|Fort Morgan, Alabama|
On the heels of the state's bloodless occupation of the Mount Vernon Arsenal north of Mobile the previous day, Alabama militia forces moved against Fort Morgan at the entrance of Mobile Bay 150 years ago today.
A massive masonry fortification, Fort Morgan had been built in 1819-1833 on the site of a War of 1812 defense called Fort Bowyer. In conjunction with Fort Gaines on Dauphin Island, the fort was designed to sweep the entrance to Mobile Bay with artillery fire to defend it from foreign attack. It had been a major stopping point on the Creek Trail of Tears in 1836-1837, but since 1842 had been in caretaker status. On the eve of the Civil War, it was held only by an ordnance sergeant and a handful of men.
|Fort Morgan Parade Ground|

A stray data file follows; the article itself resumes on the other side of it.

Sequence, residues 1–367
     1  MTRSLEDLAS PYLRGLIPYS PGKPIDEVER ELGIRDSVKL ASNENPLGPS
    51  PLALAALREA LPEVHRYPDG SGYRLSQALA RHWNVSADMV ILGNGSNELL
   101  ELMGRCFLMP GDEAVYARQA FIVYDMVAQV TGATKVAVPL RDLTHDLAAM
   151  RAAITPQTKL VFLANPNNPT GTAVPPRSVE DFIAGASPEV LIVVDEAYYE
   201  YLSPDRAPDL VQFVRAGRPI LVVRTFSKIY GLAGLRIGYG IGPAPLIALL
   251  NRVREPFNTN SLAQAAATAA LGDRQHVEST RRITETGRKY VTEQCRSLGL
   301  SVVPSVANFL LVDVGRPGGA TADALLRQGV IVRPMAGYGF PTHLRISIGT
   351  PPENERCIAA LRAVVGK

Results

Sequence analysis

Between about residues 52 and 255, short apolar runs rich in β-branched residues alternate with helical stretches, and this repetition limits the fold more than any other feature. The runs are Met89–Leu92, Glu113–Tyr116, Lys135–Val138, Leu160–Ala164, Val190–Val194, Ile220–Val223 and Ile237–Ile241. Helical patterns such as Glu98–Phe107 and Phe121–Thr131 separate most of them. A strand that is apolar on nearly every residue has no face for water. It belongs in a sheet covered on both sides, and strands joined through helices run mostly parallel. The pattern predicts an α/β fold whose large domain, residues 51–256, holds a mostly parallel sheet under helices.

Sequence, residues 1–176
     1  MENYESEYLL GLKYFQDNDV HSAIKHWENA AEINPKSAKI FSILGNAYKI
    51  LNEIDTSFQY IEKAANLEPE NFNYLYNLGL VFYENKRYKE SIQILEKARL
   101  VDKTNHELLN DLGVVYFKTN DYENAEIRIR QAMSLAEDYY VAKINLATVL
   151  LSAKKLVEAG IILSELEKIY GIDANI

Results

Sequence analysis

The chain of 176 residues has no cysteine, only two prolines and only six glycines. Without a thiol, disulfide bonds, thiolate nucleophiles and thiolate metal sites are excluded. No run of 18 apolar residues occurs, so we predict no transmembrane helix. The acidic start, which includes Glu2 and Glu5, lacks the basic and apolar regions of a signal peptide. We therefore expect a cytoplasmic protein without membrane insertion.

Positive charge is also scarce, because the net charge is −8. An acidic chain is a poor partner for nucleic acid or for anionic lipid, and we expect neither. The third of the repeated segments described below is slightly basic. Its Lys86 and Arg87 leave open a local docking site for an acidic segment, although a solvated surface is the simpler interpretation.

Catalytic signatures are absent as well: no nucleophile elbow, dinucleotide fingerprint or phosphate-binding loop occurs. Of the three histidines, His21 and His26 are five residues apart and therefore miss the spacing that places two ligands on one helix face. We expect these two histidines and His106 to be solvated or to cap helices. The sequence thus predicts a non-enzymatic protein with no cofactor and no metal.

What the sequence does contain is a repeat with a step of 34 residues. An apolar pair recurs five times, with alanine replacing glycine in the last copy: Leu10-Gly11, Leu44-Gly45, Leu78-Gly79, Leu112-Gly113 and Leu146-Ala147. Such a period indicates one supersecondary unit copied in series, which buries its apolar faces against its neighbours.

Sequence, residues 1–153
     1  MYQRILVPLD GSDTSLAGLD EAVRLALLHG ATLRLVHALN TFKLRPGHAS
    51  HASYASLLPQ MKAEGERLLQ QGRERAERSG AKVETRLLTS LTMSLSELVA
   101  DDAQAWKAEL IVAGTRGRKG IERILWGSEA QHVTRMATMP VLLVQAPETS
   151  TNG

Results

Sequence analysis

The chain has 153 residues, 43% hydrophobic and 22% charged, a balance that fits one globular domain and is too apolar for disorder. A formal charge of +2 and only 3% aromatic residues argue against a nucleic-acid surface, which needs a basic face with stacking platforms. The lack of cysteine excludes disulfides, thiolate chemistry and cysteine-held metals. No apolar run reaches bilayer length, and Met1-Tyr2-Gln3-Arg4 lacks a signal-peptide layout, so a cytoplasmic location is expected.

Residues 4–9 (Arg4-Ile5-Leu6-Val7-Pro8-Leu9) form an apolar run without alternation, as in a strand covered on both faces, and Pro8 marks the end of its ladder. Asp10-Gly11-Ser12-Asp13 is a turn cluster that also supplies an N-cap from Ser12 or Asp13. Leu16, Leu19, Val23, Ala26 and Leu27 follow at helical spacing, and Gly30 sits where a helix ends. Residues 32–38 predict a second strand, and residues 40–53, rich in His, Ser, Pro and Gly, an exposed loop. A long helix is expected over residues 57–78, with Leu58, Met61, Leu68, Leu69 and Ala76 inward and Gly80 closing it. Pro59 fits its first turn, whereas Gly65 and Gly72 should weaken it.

|Casemates of Fort Morgan|
DEAR SIR: I have been superseded by Colonel Todd, of the Militia of Alabama, and he took and receipted for all the property belonging to the Ordnance Department and fort.
I wait for orders from the Adjutant-General.
In the weeks that followed, Alabama moved hundreds of militia soldiers into Fort Morgan, putting them to work clearing the fort for action and conducting much needed maintenance. Fort Gaines, across the bay entrance, was not immediately occupied by state forces (although many modern sources indicate that it was also seized on January 5th). It would remain in U.S. hands for another two weeks.
To learn more about Fort Morgan, please visit www.exploresouthernhistory.com/fortmorgan.